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Alumna in Jordan: Maaike van Adrichem

Maaike van Adrichem (33) has made time to talk about her work in Jordan. She should really be on her way from Amman, the capital city where she lives, to the huge Za’atari refugee camp. The camp is ninety minutes away, in the middle of the desert, close to the Syrian border. It would normally be hot and dry, but the weather this Thursday afternoon is dreadful, explains Van Adrichem. ‘There was a sandstorm yesterday, followed by a thunder storm. We even had hail; the streets were awash. All trips were cancelled.’

Maaike van Adrichem

Van Adrichem’s work for UNICEF, the UN children’s organization, often takes her to the camps, where she focuses on girls and young women and the violence they face.

When she was offered the job for UNICEF in Jordan five years ago, Van Adrichem jumped at the chance. She became interested in the Middle East during her degree programme in International Relations & International Organization. After doing a placement at the Dutch embassy in Amman, she returned just in time. ‘It was a few months before the Arab Spring erupted. The entire region was in chaos. It’s been full on ever since.’

Van Adrichem is right in the thick of it. She started specializing in child protection in Jordan two years ago, as the stream of Syrian refugees reached its peak. ‘The first time I was there, Za’atari was a tragic, desperate place; total chaos. I found it hard to accept that you can’t do everything that needs to be done.’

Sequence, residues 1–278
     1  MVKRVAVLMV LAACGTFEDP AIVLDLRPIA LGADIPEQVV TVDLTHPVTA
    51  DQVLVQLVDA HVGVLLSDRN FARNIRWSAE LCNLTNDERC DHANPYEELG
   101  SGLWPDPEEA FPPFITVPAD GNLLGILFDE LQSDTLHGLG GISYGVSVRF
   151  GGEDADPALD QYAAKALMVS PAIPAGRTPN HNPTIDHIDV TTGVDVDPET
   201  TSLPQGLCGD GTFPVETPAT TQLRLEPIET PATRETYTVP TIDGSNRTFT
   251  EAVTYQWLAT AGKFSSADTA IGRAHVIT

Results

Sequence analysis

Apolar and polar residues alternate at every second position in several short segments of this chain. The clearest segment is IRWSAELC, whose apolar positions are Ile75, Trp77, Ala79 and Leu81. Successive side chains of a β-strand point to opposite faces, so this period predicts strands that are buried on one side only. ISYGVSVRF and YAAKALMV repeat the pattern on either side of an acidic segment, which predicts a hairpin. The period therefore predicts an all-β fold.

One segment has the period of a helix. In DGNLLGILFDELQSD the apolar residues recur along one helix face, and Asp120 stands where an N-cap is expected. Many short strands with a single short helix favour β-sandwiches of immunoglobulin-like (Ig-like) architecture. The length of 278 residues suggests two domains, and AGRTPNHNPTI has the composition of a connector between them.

But Van Adrichem soon realized that there was a lot she could do. By helping to stop child marriages, for example, which are standard practice in some parts of Syria. The dire conditions in the camp meant that even more young girls were being married off than in the home situation. ‘Ironically, these people see marriage as a form of child protection. The girls are in ‘goodhands.’

Van Adrichem is deeply impressed by the sheer willpower of the refugees. She had paid little attention to this aspect during her first visits to the camp. ‘You mustn’t focus on the despair and problems. Depressed aid workers are no help at all. The Syrian refugees are extremely resilient and resourceful. A lot of them have started new undertakings and some of them have managed to get hold of a bike and cycle around the camp. There’s even a family that keeps carrier pigeons. You have to respect peoples strength. This is the most ethical way of getting along with them.’

In her dealings with very young mothers, Van Adrichem sees a huge contrast between the Syrian refugees and her own view of the world. ‘They cannot understand that I’m married but don’t have children. When I was seventeen, my life was nothing like the life these girls lead. That can be difficult.’

Text: John Hermse

Source: Broerstraat 5, the alumni magazine of the University of Groningen

Last modified:19 March 2020 10.07 a.m.
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